Beyond scale, the expense of building out a telephone network provides an efficient scale as it becomes very difficult to build a new network late in the game and attract enough subscribers to generate a decent return on invested capital.

It is important to understand that Sky, TalkTalk, and others wholesale the "last mile" from BT. In other words, BT receives some revenue from 80% of broadband customers in the UK.

Virgin Attempts Market Grab

In 2015, Virgin Media announced Project Lightning. It had reviewed its network and realised that because of the disparate networks it had consolidated, which had been built independently last century, there were significant holes in the middle of its footprint, even in London and Manchester. With the price of building out fibre declining, the firm believed it was then profitable to fill in these holes and expand the network in some cases.

In total, it planned to pass an additional 4 million premises and take its network coverage from about 50% of the population to about 70%. However, the firm has found the buildout to be more difficult than expected, and after three years of effort, the project is only about one third of the way completed.

However, even when the expansion is complete, there will still be about 30% of the population that relies exclusively on BT’s network for final connection to homes. Liberty Global is the largest cable operator in Europe and owns Virgin Media, the UK cable-TV operator. However, even before the acquisition, Virgin Media had realised its competitive advantage was the speed of its broadband network.

While BT recognised it had a speed disadvantage it didn’t believe the demand for much higher speeds would be significant, so it could take its time in increasing speeds, as it is expensive to upgrade a copper network.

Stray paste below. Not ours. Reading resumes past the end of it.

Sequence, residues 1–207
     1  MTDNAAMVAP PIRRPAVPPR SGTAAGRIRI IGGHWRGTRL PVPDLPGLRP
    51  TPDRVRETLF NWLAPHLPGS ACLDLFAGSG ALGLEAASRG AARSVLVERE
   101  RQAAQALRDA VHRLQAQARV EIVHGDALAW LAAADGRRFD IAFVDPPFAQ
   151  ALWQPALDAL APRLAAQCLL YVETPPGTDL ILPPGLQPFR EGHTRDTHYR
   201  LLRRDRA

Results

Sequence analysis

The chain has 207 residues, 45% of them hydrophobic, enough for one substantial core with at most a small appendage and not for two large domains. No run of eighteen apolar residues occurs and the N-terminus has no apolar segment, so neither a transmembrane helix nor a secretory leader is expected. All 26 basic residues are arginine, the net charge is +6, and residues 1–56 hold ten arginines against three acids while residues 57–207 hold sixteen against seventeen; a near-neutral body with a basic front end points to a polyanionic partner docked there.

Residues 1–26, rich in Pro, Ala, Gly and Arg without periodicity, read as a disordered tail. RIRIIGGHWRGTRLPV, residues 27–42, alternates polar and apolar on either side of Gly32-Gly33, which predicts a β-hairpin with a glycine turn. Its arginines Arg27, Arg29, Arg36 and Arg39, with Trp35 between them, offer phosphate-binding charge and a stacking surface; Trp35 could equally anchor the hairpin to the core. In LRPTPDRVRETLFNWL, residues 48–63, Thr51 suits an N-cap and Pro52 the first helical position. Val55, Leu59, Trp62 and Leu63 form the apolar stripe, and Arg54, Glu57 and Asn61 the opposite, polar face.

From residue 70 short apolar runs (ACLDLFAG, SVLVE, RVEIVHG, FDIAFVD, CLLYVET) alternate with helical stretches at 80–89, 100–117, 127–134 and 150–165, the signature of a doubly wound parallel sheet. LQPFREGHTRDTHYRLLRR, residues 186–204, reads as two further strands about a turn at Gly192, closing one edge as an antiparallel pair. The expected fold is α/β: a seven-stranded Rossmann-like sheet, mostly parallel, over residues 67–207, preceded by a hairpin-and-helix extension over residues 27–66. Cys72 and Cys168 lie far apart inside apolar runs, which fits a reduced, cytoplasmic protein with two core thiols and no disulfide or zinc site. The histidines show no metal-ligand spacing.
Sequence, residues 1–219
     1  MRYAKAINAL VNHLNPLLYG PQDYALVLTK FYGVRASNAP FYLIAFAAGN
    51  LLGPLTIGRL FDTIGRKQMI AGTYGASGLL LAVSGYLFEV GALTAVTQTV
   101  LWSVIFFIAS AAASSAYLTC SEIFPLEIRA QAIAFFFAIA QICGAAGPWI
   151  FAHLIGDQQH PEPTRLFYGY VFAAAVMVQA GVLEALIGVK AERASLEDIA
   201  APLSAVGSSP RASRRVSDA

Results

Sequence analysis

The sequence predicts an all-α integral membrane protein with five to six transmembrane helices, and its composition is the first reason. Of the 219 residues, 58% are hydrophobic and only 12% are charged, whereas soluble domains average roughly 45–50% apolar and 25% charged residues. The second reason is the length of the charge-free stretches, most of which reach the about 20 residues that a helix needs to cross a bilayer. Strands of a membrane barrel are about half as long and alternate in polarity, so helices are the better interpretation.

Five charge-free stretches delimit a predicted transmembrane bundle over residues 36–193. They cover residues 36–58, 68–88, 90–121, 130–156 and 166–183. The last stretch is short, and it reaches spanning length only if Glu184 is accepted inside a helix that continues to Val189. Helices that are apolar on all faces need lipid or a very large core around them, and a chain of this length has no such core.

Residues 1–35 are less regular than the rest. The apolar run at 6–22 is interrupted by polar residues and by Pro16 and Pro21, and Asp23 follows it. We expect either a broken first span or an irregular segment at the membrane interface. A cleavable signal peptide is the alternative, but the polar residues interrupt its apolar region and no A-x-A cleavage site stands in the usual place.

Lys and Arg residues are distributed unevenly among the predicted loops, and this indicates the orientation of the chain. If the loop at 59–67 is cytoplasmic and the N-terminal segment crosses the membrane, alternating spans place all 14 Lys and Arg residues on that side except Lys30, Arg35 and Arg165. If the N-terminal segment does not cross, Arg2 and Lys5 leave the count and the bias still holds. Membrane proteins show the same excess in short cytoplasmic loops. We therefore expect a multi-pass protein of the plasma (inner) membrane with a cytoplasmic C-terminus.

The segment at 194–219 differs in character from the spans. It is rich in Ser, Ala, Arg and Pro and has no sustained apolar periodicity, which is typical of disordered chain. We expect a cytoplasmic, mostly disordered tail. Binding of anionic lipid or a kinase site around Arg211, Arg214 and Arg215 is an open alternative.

While BT has significantly enhanced the amount of fibre in its network in recent years, it has chosen to primarily use technology improvements that have enhanced the ability of copper to carry faster speeds.

The UK's current state positions BT well, as everyone other than Virgin Media requires access to its fixed-line network to reach broadband customers. So, while it has a solid 37% broadband market share directly, the firm's network underlies 80% of the UK's broadband customer base. BT's ubiquitous network provides the firm with a unique asset that strengthens its moat.

The information contained within is for educational and informational purposes ONLY. It is not intended nor should it be considered an invitation or inducement to buy or sell a security or securities noted within nor should it be viewed as a communication intended to persuade or incite you to buy or sell security or securities noted within. Any commentary provided is the opinion of the author and should not be considered a personalised recommendation. The information contained within should not be a person's sole basis for making an investment decision. Please contact your financial professional before making an investment decision.

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Allan C. Nichols  Allan C. Nichols